Don’t Chase Stocks

Perhaps one of the best pieces of advice I’ve ever been told with respect to investing has to be “don’t chase stocks.” Stock price movements often are not linear. Anyone who finds themselves wondering “why didn’t I invest earlier” or “how did I not see the peak” may be chasing stocks, and looking to time the market to buy low and sell high.

But they are actually doing the opposite.

Momentum trading has actually done fantastically well over the past decade, so many reading this may choose to ignore these ideas and continue piling into stocks that just continue to go up, with no signs of slowing down.

I’m an overly cautious, conservative investor who probably buys stocks too early and holds on too long. The main strategy to grow one’s wealth over time that I subscribe to is one inspired by Warren Buffett -- “buy low, and never sell.” After all, if you believe the companies you’re looking at have a great long-term future, buying and selling will only incur fees and taxes along the way, eating away at one’s long-term returns.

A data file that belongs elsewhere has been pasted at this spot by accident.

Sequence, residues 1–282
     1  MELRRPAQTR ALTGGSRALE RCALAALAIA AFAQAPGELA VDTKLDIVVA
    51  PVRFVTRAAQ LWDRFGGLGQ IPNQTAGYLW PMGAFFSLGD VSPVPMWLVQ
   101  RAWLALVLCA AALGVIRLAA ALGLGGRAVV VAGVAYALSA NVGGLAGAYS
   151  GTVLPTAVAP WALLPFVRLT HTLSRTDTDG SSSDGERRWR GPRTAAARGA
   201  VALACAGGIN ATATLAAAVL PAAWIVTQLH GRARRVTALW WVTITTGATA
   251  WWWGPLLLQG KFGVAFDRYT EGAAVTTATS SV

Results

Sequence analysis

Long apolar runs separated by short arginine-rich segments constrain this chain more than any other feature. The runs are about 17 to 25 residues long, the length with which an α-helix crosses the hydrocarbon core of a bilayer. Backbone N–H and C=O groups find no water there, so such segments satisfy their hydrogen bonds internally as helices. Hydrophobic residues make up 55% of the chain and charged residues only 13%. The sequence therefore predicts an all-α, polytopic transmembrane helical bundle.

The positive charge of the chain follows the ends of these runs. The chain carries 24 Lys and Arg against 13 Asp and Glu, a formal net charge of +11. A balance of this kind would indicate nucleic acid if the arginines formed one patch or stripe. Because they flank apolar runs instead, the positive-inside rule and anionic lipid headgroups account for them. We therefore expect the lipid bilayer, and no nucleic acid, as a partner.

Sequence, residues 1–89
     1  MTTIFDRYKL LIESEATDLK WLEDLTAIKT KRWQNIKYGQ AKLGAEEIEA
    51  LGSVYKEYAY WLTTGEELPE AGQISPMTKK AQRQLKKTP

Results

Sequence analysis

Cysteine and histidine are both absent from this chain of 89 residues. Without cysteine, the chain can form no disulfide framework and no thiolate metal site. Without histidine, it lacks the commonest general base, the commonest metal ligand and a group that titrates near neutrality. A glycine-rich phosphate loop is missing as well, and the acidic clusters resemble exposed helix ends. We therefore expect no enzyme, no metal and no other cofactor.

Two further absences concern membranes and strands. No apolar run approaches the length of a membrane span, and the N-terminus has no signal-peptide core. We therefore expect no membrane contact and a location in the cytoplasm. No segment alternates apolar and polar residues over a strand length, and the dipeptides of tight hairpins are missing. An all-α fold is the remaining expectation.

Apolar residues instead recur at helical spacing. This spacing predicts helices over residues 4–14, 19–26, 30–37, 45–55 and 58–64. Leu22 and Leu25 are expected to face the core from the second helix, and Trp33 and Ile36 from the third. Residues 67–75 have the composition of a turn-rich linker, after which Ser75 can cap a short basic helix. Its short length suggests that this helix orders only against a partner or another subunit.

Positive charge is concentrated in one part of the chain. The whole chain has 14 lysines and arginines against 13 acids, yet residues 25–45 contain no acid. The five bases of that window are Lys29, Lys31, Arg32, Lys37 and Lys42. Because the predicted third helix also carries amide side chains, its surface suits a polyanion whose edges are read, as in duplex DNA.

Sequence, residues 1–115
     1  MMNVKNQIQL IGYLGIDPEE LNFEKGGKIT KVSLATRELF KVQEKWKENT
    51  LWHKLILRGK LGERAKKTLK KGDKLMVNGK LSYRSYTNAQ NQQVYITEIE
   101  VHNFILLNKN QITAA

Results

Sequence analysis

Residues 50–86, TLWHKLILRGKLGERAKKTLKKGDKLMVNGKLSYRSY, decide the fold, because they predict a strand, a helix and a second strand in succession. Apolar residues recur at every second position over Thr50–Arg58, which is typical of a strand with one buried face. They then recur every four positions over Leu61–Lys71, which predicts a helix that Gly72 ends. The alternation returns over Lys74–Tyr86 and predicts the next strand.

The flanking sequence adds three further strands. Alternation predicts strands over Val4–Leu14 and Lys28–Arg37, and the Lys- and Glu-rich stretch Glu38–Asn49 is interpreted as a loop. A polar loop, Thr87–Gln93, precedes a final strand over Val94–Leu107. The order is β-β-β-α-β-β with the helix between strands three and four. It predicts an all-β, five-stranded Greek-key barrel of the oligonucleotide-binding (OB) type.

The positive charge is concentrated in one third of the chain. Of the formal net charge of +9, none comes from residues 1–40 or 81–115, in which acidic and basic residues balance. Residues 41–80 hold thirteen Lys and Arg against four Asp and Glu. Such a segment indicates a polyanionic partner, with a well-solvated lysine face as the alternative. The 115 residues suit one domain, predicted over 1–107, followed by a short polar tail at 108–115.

Buying a stock only after it has appreciated to a certain degree defeats the purpose of investing, in my opinion. I believe one should always be looking for the best companies out there, have a watch or a buy list, and then buy these companies at the right price or valuation.

If it just so happens that a stock’s price goes up, but its valuation remains fantastic, then great - go buy it. If you’re buying stocks solely on whether or not it has been increasing in value, or how much momentum it has, watch out.

Invest wisely, my friends.